J Clin Med Res
Journal of Clinical Medicine Research, ISSN 1918-3003 print, 1918-3011 online, Open Access
Article copyright, the authors; Journal compilation copyright, J Clin Med Res and Elmer Press Inc
Journal website https://www.jocmr.org

Original Article

Volume 13, Number 4, April 2021, pages 230-236


Impact of Body Mass Index on COVID-19-Related In-Hospital Outcomes and Mortality

Waqas Ullaha, d, Sohaib Roomia, Nayab Nadeema, Rehan Saeedb, Shafaq Tariqa, Moataz Ellithib, Shujaul Haqa, Ahmad Arslana, John Madaraa, Margot Boigona, Donald C. Haasa, David L. Fischmanc

aAbington Jefferson Health, Abington, PA, USA
bUniversity of South Dakota, Vermillion, SD, USA
cThomas Jefferson University, Philadelphia, PA, USA
dCorresponding Author: Waqas Ullah, Department of Internal Medicine, Abington Jefferson Health, Abington, PA, USA

Manuscript submitted May 28, 2020, accepted February 3, 2021, published online April 27, 2021
Short title: Impact of BMI on COVID-19
doi: https://doi.org/10.14740/jocmr4239

Abstract▴Top 

Background: Given the high prevalence of obesity around the globe, patients with coronavirus disease 2019 (COVID-19) are at an increased risk of devastating complications.

Methods: A retrospective cohort study was performed to determine the association of basal metabolic index (body mass index (BMI)) with the need for invasive mechanical ventilation (IMV), dialysis, upgrade to an intensive care unit (ICU) and mortality. Independent t-test and multivariate logistic regression analysis were performed to calculate mean differences and adjusted odds ratios (aORs) with its 95% confidence interval (CI), respectively.

Results: A total of 176 consecutive patients with confirmed COVID-19 diagnosis were included. The mean age was 62.2 years, with 51% being male patients. The mean BMI for non-surviving patients was significantly higher compared to patients surviving on the seventh day of hospitalization (35 vs. 30 kg/m2, P = 0.022). Similarly, patients requiring IMV had a higher BMI (33 vs. 29, P = 0.002) compared to non-intubated patients. The unadjusted OR for patients with a higher BMI requiring IMV (56% vs. 28%, OR: 3.3, 95% CI: 1.6 - 7.0, P = 0.002) and upgrade to ICU (46% vs. 28%, OR; 2.2, 1.07 - 4.6, P = 0.04) were significantly higher compared to patients with a lower BMI. Similarly, patients with a higher BMI had higher in-hospital mortality (21% vs. 9%, OR: 3.2, 95% CI: 1.3 - 8.2, P = 0.01) compared to patients with a normal BMI. Despite a numerical advantage in the lower BMI group, there was no significant difference between the two groups in terms of the need for dialysis (5% vs. 13%, OR: 3.8, 13% vs. 4%, 1.1 - 14.1, P = 0.07). aORs controlled for baseline comorbidities and medications mirrored the overall results, except for the need to upgrade to ICU.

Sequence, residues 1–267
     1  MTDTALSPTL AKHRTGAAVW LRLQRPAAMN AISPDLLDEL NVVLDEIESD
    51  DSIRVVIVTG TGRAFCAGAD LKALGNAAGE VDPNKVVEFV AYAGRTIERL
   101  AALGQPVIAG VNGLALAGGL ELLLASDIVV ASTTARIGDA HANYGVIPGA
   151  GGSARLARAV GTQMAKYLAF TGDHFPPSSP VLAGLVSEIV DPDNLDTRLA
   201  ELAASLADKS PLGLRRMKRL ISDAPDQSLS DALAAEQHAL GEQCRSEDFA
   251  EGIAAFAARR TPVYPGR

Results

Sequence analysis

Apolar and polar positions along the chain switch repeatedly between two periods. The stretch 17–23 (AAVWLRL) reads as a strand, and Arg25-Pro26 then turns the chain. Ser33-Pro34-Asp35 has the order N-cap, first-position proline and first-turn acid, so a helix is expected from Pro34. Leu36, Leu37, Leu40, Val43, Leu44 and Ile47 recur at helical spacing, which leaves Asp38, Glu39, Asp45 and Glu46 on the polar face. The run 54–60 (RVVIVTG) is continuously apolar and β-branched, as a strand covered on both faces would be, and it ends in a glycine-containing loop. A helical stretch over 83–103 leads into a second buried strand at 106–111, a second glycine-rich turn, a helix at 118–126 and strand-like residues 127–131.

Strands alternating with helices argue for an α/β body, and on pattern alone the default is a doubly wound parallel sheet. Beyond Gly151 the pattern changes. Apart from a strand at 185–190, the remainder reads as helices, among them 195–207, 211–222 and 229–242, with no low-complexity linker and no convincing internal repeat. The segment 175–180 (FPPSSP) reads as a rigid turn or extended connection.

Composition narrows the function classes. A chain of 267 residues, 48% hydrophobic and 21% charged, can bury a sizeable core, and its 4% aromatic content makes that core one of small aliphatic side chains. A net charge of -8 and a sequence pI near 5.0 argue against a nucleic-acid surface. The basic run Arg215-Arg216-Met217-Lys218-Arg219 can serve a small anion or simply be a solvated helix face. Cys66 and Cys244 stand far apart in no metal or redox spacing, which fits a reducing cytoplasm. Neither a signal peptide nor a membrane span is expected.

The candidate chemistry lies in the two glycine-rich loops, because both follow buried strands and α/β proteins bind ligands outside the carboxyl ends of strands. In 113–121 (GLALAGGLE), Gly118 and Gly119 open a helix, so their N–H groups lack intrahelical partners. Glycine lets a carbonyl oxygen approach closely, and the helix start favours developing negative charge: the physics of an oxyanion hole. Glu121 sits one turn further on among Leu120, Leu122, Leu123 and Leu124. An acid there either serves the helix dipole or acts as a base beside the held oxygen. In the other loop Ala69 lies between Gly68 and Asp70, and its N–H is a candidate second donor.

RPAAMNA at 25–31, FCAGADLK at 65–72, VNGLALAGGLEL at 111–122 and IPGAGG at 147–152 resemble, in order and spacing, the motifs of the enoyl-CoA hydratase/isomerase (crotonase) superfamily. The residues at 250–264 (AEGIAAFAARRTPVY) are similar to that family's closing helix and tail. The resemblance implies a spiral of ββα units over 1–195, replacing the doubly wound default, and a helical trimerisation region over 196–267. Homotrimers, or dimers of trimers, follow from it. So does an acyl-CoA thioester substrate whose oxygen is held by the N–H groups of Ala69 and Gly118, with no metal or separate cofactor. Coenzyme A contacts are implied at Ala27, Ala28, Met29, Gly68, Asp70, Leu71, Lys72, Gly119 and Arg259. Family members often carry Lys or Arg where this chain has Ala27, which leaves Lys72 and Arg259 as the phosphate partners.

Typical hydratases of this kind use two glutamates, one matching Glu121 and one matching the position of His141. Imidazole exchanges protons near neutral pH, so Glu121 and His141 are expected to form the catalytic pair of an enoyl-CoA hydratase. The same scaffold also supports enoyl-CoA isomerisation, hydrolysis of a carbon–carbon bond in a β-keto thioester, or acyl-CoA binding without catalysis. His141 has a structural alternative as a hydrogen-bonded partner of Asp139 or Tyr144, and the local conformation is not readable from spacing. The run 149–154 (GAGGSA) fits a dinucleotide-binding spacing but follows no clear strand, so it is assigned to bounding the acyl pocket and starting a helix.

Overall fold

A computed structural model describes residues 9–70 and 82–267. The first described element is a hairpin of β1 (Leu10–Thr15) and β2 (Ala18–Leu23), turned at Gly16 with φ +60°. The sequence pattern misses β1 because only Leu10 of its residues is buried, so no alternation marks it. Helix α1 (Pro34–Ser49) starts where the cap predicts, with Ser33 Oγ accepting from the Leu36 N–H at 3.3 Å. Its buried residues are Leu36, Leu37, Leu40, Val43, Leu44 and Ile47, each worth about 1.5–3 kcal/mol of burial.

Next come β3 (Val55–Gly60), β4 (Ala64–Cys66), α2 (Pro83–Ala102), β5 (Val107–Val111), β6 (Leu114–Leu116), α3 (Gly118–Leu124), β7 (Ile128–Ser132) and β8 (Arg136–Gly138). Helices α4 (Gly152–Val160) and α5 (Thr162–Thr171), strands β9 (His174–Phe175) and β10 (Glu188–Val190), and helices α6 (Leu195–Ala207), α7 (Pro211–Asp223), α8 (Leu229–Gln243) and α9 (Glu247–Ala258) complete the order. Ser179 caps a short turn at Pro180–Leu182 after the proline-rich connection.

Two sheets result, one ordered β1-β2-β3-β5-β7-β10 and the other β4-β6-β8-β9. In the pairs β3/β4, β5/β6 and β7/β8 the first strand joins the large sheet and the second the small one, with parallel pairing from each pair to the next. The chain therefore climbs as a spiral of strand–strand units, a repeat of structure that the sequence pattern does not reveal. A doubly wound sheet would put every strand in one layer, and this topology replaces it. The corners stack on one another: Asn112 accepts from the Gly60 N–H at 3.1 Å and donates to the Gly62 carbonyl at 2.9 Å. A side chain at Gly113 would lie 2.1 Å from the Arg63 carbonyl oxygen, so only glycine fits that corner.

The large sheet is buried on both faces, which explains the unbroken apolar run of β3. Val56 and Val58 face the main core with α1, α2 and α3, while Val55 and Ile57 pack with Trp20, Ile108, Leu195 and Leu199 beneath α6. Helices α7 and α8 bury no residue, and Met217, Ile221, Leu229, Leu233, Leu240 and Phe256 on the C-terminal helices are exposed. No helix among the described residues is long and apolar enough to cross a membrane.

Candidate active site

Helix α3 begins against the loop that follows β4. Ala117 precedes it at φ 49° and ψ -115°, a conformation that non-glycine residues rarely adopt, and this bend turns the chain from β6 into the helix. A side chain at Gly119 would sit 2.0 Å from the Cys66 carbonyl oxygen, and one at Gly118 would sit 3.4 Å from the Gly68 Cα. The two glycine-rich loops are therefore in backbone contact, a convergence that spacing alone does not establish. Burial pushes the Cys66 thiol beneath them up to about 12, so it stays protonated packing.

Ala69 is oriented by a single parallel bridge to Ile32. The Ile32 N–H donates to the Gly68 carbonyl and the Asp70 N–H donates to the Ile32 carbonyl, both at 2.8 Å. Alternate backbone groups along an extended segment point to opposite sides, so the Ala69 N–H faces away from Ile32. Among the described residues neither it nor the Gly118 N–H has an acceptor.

Conclusions: In patients with confirmed COVID-19, morbid obesity serves as an independent risk factor of high in-hospital mortality and the need for IMV.

Keywords: Body mass index; COVID-19; In-hospital mortality; Invasive mechanical ventilation

Introduction▴Top 

The USA is the current epicenter of the novel coronavirus pandemic with over 1.6 million cases and nearly 100,000 deaths. While the true mortality and morbidity caused by coronavirus disease 2019 (COVID-19) will take years to become apparent, we do know that certain groups of people particularly the elderly and those with certain comorbidities are at a significantly higher risk of worse outcomes. Among these conditions is obesity, with the USA currently leading the developed world in terms of obesity among its citizens (42%), this puts a large population at measurably higher risk of major complications, delayed recovery and potentially higher mortality [1, 2].

An analysis of a large cohort of COVID-19 patients by Lighter et al demonstrated 1.8 and 3.6 times greater probability for admission to critical care units for obese (body mass index (BMI) 30 - 34.9) and morbidly obese patients (BMI > 35), respectively [3]. Similarly, in a study by Kalligeros et al and Petrilli et al, BMI ≥ 35 kg/m2 was associated with a significantly higher rate of admission to intensive care unit (ICU) and need for invasive mechanical ventilation (IMV) [4, 5].

With a high burden of COVID19 and limited healthcare resources, it is imperative to determine the impact of obesity not only on in-hospital complications but also on mortality, to better inform clinical decision making and resource allocation.

Materials and Methods▴Top 

Study design and participants

This retrospective cohort study included consecutive adult inpatients (≥ 18 years old) from Abington Hospital, Jefferson Health, Pennsylvania, USA. All patients had a confirmed diagnosis of COVID-19 between March 1, 2020, and May 10, 2020. The study was approved by the Institutional Review Board (IRB) and the requirement for informed consent was waived by the Research Ethics Committee (REC). All procedures described in the study have been actuated according to ethical principles for medical research involving human subject stated in the Declaration of Helsinki.